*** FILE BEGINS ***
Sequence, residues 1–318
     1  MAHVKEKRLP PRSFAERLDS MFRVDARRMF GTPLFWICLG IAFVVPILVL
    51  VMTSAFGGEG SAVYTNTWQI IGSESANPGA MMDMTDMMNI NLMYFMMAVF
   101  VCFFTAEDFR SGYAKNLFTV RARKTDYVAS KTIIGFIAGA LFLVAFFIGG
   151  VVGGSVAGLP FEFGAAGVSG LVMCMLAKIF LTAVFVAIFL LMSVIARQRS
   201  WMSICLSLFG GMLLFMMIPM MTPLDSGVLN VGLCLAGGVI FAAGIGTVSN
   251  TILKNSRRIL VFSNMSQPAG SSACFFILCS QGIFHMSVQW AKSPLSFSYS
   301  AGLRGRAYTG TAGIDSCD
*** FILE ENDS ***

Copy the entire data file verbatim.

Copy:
Sequence, residues 1–318
     1  MAHVKEKRLP PRSFAERLDS MFRVDARRMF GTPLFWICLG IAFVVPILVL
    51  VMTSAFGGEG SAVYTNTWQI IGSESANPGA MMDMTDMMNI NLMYFMMAVF
   101  VCFFTAEDFR SGYAKNLFTV RARKTDYVAS KTIIGFIAGA LFLVAFFIGG
   151  VVGGSVAGLP FEFGAAGVSG LVMCMLAKIF LTAVFVAIFL LMSVIARQRS
   201  WMSICLSLFG GMLLFMMIPM MTPLDSGVLN VGLCLAGGVI FAAGIGTVSN
   251  TILKNSRRIL VFSNMSQPAG SSACFFILCS QGIFHMSVQW AKSPLSFSYS
   301  AGLRGRAYTG TAGIDSCD